The majority of the police officers in the United States believe that marijuana should no longer be a criminal offense for the majority of its users, and are pushing for marijuana legalization according to the results of a new national survey.
Recently, the Pew Research Center in conjunction with the National Police Research Platform published a new report that shows nearly 70 percent of the boys in blue are of the opinion that the federal government’s total ban on the cannabis plant should be changed.
A dissection of the data shows that a third of the respondents believe marijuana should be made legal for medicinal purposes, while 37 percent would like to see it legalized in a manner similar to other recreational substances, like beer and tobacco. However, there are still those cops (30 percent) who would prefer to see the nation continue to wage war against the average cannabis consumer.
Although it is encouraging to see an increasing number of law enforcement changing its opinion of marijuana, the main takeaway from the report is that cops are still not as passionate about bringing down the scourge of prohibition as the people they are hired to protect. It was just last year that a Gallup poll found the strongest public support for marijuana legalization in American history. There is now a whopping 60 percent of the population who believes weed should be taxed and regulated the same as alcohol.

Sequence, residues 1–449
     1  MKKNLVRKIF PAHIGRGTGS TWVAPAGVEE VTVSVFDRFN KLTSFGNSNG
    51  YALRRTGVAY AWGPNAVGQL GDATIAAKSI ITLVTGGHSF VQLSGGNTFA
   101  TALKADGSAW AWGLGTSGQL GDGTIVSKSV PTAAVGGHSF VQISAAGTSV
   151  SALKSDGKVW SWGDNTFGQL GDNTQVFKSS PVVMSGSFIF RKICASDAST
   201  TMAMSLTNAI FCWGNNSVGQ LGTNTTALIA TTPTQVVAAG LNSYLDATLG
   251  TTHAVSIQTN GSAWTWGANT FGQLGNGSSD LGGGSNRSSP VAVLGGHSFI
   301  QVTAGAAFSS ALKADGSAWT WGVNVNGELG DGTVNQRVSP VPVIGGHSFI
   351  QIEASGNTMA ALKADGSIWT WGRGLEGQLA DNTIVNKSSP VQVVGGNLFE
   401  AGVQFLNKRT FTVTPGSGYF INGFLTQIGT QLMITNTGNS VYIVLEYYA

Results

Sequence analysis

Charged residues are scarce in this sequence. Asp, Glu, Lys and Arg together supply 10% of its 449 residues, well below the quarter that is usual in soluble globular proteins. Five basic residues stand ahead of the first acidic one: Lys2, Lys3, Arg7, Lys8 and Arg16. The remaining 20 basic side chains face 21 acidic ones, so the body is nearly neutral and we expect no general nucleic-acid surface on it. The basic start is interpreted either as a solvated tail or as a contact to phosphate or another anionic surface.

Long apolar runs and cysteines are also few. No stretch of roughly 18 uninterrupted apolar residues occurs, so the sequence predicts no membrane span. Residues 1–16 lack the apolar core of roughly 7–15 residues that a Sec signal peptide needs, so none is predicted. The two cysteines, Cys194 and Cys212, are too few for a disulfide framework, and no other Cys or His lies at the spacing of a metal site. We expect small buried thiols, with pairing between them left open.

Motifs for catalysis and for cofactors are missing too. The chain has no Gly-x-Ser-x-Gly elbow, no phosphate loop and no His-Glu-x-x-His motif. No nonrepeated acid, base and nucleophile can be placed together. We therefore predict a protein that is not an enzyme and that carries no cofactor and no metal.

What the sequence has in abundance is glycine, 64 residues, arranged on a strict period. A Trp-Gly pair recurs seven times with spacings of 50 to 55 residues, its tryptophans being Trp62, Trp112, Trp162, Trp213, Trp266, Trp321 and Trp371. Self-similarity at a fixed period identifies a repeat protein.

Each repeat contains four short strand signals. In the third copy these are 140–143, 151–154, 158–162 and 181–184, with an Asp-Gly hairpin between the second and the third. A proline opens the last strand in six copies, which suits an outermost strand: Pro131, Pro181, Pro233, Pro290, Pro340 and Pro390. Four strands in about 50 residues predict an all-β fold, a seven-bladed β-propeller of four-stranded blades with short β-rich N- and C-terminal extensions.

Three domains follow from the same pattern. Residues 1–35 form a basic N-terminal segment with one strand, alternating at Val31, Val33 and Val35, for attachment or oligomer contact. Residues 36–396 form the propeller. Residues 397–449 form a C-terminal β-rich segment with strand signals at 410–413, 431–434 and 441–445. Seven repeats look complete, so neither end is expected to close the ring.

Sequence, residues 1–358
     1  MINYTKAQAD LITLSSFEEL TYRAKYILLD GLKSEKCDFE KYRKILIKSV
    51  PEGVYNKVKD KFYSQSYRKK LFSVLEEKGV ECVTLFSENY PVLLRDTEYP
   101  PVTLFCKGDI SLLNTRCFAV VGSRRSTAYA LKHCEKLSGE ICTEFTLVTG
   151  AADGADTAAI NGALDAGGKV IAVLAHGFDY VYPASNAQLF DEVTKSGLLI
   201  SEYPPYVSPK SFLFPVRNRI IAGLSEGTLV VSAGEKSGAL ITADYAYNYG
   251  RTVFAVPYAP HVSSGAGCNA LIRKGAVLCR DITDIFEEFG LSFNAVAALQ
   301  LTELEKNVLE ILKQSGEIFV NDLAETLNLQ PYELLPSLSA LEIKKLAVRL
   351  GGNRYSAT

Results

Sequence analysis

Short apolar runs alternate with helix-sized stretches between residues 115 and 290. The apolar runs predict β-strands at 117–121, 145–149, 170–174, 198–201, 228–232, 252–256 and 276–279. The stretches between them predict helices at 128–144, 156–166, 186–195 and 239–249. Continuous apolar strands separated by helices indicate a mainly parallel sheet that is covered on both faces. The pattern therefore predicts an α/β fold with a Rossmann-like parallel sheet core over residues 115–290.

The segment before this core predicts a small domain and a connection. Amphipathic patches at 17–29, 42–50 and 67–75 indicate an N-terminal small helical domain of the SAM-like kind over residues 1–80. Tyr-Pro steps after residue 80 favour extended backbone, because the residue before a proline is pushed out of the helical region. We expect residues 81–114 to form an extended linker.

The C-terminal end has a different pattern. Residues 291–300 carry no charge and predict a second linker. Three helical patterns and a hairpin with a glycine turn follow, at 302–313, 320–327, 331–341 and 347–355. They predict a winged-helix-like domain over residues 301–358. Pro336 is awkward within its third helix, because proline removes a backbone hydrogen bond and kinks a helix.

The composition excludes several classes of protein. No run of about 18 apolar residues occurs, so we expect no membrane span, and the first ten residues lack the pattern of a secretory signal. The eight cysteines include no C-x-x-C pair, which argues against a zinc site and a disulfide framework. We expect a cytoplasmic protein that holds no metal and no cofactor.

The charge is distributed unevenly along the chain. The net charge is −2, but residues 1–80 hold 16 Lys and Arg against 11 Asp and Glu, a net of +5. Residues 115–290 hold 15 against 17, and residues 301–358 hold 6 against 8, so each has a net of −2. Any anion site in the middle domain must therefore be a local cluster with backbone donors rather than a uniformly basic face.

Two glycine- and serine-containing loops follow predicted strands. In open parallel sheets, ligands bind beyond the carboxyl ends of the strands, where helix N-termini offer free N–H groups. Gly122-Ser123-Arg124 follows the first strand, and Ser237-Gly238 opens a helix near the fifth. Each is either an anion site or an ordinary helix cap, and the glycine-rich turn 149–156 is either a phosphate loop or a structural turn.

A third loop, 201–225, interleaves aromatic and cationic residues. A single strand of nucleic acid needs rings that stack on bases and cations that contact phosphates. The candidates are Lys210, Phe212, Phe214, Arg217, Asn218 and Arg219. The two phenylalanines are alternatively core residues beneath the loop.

While the overall attitude of the American police force seems to support policy changes geared toward legalization, these folks are still responsible for busting hundreds of thousands of people every year just for weed. A recent study from Human Rights Watch and the ACLU shows that cops arrested 574,000 people in 2015 for simple possession — putting marijuana-related arrests above the culmination of all violent crime.
“Every 25 seconds in the United States, someone is arrested for the simple act of possessing drugs for their personal use,” the report reads. “And despite officials’ claims that drug laws are meant to curb drug sales, four times as many people are arrested for possessing drugs as are arrested for selling them.”
Interestingly, the Pew report, which was assembled with the responses of roughly 8,000 law enforcement officers, indicates that most cops are more likely to gravitate toward violence when dealing with the public than utilizing anything that resembles Mayberry charm. Fifty-six percent of the respondents believe “an aggressive rather than courteous approach is more effective” when handling people with certain neighborhoods. Another 44 percent said that getting physical is the best possible method to get a person to listen to reason.
In the majority of the news stories to surface last year involving police shootings, the suspect/victim was almost always shown to be in possession of marijuana. It is for that reason that many cannabis advocates believe a nationwide policy legalizing marijuana would be the best solution.